There are many divides in the autism community. There are autistic adults. There are the parents of autistic children. There are those whose autism is deemed ‘high-functioning’ and those who are called ‘severe’ and ‘classic’ and ‘non-verbal’. There are those who are perfectly capable of advocating for themselves and there are those who do not have a voice – or at least not a voice in the conventional sense. There are those who fit none of those labels. There are millions of different experiences, no two exactly the same.
And sometimes, they are at odds.
It is 9 am and I am getting ready to leave to take my little boy to school. It starts as soon as I try to put his coat on, and it escalates until we reach the gates –
“I don’t want to go to school. It is not a good place.”
My heart sinks, every time – though I know it is coming.
“Sweetheart, it will be okay. It is a good place. Remember all the things you love to do at school – like your special scissors and the bubbles. Remember those.”
I know what it feels like as he approaches the door to his classroom, the way the panic rises in his throat. I know that way that room feels, like pressure all over his skin, the pressure of those eyes, the pressure of those expectations.
“It is not! I will be sad! I do not like the other boys and girls! Promise I do not have to go Mummy!”
I cannot promise that, sweet boy. I cannot.
When I leave the classroom, prising his hands from mine, taking a deep breath and ignoring his sobs, it is agony. It is hard – not just because his pain is painful, not just because I am his mother and my instinct is to rush to his cries. It is hard because I know that desire to escape, that rush of adrenaline when the pressure of functioning in the world is too much to bear. Fight or Flight.
I exist in limbo. I am the parent of an autistic child. I may be an autistic adult. I have struggled my whole life to exist in a world where I must adjust to the expectations of others. There have been times when I have stood outside doors and felt like I am drowning, when I have fled for the safety of home, of solitude – of control.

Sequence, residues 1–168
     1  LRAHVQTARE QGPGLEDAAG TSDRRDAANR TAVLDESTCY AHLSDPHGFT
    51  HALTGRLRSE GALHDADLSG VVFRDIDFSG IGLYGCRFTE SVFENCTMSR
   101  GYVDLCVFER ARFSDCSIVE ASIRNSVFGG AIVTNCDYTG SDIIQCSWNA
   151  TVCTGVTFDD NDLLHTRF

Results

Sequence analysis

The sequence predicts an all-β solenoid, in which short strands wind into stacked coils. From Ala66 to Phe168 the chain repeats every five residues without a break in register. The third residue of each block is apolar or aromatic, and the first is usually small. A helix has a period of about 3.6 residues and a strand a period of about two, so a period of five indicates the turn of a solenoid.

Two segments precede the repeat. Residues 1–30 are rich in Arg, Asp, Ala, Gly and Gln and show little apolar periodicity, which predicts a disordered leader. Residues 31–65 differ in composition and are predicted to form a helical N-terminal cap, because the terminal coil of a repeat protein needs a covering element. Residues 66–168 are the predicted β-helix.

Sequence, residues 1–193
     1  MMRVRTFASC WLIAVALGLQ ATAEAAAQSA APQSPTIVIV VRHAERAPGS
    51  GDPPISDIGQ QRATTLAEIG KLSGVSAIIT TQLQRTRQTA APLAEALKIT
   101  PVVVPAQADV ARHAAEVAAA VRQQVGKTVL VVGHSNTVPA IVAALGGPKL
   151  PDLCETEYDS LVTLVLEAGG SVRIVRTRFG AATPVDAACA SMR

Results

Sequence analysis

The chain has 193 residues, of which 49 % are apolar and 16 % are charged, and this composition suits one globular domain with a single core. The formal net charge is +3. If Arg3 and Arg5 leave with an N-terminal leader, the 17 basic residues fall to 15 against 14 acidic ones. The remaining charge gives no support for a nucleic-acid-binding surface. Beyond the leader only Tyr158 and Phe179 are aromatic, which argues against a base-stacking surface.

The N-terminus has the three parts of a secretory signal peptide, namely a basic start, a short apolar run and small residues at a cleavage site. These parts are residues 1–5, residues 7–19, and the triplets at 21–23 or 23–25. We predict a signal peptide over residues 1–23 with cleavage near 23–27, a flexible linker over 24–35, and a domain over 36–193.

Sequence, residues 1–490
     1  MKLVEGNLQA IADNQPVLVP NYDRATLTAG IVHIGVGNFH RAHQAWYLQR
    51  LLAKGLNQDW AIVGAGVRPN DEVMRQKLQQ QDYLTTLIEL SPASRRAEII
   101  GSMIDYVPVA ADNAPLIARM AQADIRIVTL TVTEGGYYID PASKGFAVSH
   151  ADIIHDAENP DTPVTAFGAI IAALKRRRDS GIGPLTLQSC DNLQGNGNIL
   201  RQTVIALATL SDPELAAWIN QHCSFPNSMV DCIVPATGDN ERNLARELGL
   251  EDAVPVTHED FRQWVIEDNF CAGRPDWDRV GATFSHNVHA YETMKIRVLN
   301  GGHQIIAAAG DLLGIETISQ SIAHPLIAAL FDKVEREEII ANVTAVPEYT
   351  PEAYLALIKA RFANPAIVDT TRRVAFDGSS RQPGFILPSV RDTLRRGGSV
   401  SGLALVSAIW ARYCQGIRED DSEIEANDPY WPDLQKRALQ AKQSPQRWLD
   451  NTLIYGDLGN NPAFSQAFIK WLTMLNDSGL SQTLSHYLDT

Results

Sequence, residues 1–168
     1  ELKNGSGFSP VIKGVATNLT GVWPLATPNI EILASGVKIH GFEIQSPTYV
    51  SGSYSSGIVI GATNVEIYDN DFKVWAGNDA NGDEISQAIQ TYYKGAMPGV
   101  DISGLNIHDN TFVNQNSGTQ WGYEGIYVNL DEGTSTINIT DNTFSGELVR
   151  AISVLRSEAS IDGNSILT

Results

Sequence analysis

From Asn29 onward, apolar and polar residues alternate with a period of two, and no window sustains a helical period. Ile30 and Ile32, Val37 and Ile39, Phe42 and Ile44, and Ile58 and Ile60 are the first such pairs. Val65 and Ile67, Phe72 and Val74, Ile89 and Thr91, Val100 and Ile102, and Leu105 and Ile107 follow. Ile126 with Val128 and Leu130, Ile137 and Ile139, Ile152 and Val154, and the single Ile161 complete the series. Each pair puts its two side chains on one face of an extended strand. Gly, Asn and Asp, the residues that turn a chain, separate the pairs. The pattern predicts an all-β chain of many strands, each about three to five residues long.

Right now, my little boy’s life is flooded, overwhelmed, by the pressures of school. He is frightened to sleep, frightened to go to his favourite places, frightened of everything that is unknown. He longs to lessen that pressure, to shut it out. I know. At school, he lashes out. He hides, like a wounded animal. Fight or Flight.
Social media can bring people together, and it can drive people apart. People have tweeted me to tell me that they are “sick” of the parents of autistic children being the voice of autism. People have commented on my posts to say that all autism parents care about is “solving their puzzle piece children” and “complaining about how hard their lives are.” My son is perfect. There is nothing to solve. Life is sometimes hard – but my children are the most joyful parts of it. I would have no other.
My purpose is to keep those I love safe and happy – the rest is just frippery. I strive to help the world understand autism, not for myself, but for my son. If I use my voice in place of his, it is only because he is not yet able to convey these truths. He may never be. But I recognise that placing his life on this page is a great responsibility. It must be done with care, with dignity, with love – if it is not to be an invasion. I am constantly aware of the line that I tread and there is a litmus test that must be done, every time, before I hit publish.
“What would my gorgeous boy feel, if he could read this, if he truly understood what I have said? How would I feel if someone I loved had written these words about me?”
So, when my referral finally comes through, after the six months of tests and assessments, I will have an answer. I will either be actually autistic – or I won’t. At the moment, I exist in a dual state, both autistic and neurotypical. Like Schrödinger’s cat, no one knows until we open the box.
Of course, in reality, I am one or the other. I always have been. Does that mean my voice will be more worthy, in nine months’ time, if it is decided that I am autistic? Does it mean that my intentions will be purer, that my message will be more helpful? There are voices that cannot be heard. There are voices that are silenced. There are voices that society will not yet listen to – and for that I am so very sorry.
But my voice stands with those voices, in harmony, not discord. I seek to share a small insight into our lives, our autism. And, though our autism may be similar, or different, to others struggling to be heard, though my voice may that of an autistic adult, or just a mother who loves her son fiercely – that glimpse is worthwhile.